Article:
Why penalize kids who haven’t broken any law?
The petitions are signed and verified and there will be a referendum to recall Maryland’s new law allowing undocumented youth to pay in-state tuition at state colleges. The law, which is commonly called the Maryland Dream Act, has a lot of restrictions, but it’s a path to college and a better life for young adults from many nations who live here.
I absolutely and sincerely pray the referendum fails and the Maryland Dream Act stands, because it’s good policy, and because as we in America should have learned time and time again, it is foolish to try to hold a person down because of his race, religion or country of origin.
Wave after wave of immigrants have made this country stronger. And most of those waves were uninvited—the United States did not have immigration quotas and restrictions till 1921, when Congress started getting jumpy about the influx of immigrants from Eastern and Southern Europe.
Does anyone now, four or five generations later, have a problem with Poles and Italians living in the United States? Raise your hands. Anyone?
Remember the Yellow Peril? Does anyone still think that immigrants from China, Korea, Japan and Vietnam will destroy our nation?
So why are we picking on the newbies?
At the moment we have a lot of Latinos, and people from the former Soviet Union, and people from the Middle East coming to this country. Some of them are uninvited. Some of them are criminal.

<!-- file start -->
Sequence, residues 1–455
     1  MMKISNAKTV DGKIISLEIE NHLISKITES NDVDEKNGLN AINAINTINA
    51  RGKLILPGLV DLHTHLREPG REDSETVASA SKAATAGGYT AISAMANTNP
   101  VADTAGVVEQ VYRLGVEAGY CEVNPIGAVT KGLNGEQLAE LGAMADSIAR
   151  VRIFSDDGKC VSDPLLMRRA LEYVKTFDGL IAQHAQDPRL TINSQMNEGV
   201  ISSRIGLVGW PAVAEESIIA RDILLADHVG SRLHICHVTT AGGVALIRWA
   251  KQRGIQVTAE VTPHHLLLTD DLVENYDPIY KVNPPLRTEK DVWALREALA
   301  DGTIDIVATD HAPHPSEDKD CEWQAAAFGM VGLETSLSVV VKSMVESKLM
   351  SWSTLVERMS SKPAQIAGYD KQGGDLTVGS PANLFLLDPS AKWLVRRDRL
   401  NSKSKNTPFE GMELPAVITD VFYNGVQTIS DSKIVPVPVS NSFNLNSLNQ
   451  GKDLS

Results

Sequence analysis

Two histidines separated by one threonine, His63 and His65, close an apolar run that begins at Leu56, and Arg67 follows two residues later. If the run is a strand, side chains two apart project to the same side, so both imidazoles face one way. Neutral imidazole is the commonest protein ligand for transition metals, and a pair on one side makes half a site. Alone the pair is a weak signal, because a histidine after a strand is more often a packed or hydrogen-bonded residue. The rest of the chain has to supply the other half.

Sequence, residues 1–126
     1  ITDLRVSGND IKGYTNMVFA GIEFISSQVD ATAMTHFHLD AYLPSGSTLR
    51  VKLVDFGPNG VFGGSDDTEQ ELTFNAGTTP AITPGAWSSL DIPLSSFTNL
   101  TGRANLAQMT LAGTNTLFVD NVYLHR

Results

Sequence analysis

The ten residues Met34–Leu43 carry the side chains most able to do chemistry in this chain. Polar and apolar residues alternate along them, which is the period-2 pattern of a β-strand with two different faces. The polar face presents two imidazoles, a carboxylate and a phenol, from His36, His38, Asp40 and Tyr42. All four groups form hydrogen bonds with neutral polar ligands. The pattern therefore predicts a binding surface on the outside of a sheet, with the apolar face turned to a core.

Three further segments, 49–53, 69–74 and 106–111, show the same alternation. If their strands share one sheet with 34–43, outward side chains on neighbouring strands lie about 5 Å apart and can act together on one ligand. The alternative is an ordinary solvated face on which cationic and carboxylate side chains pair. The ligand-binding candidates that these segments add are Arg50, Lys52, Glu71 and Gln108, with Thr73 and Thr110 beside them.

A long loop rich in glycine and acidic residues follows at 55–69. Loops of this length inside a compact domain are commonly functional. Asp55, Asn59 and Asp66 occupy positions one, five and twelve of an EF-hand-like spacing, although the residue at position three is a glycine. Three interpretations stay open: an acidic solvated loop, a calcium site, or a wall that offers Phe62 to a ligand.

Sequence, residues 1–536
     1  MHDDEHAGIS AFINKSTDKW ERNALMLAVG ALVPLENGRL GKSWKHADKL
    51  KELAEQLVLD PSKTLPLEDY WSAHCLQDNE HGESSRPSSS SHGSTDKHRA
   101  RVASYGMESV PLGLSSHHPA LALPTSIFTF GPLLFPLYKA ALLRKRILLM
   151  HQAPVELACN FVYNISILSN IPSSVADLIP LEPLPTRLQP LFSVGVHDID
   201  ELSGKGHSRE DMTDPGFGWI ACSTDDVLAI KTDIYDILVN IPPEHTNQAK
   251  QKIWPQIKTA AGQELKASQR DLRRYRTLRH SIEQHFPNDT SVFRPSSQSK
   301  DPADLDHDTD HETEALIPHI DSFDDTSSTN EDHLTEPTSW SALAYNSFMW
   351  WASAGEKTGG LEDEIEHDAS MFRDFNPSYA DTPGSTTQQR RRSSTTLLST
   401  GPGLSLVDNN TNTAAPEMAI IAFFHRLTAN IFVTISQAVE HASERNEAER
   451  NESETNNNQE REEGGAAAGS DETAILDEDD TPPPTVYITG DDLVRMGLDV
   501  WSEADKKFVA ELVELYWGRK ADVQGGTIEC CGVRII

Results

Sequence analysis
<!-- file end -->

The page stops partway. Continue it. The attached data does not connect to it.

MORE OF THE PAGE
But most of them are not, and if we as a nation try to make their very existence in this country a criminal act, then we should a) think again and b) be ashamed of ourselves.
The United States cannot deport all of its undocumented residents. It can’t even come close. There are too many.
So why not concentrate on getting rid of the undocumented residents who commit actual crimes, and leave the rest to live and work in peace, spend their money and time here, and help rebuild our nation and economy?
Here’s a factoid for consideration. The five wealthiest states in the U.S. are New Hampshire, New Jersey, Connecticut, Maryland and Alaska. All five of those states have, in general, excellent public education facilities with easy access to higher education.
The five poorest states are Mississippi, Arkansas, West Virginia, Tennessee and South Carolina.
My statistical analysis—I am not a statistician but I do know how to calculate an average—shows that the in the five wealthiest states, roughly 89 percent of people are high school graduates. In the five poorest, the number is 82 percent. But the biggest difference between wealthiest and poorest has to do with the percentage of residents with higher education. In the wealthiest, about a third of people have degrees after high school. In the poorest, it’s only 18 percent.
Seems to me that it’s better to have more people in your state with access to higher education.
Our state is smart to pass the Maryland Dream Act. Because the more college graduates we have, the wealthier our state tends to be.
Under the Maryland Dream Act, here’s what an undocumented resident has to do to gain in-state tuition at Maryland state colleges and universities:
1. Live in Maryland.
2. Graduate from a state high school.
3. Complete 60 credits at a community college.
4. Prove that they or their parents, or both, paid state taxes for the past three years.
Here’s what a documented resident, or a U.S. citizen, has to do:
1. Live in Maryland.
So it’s not like we’re taking it easy on the undocumented folks.
And it’s not like the kids have broken any laws. Their parents brought them here. I seriously doubt a toddler could make it across the Arizona desert or the Rio Grande on his own.
The Maryland Dream Act is a great idea. Let’s not scuttle it.
by Jacqueline Watts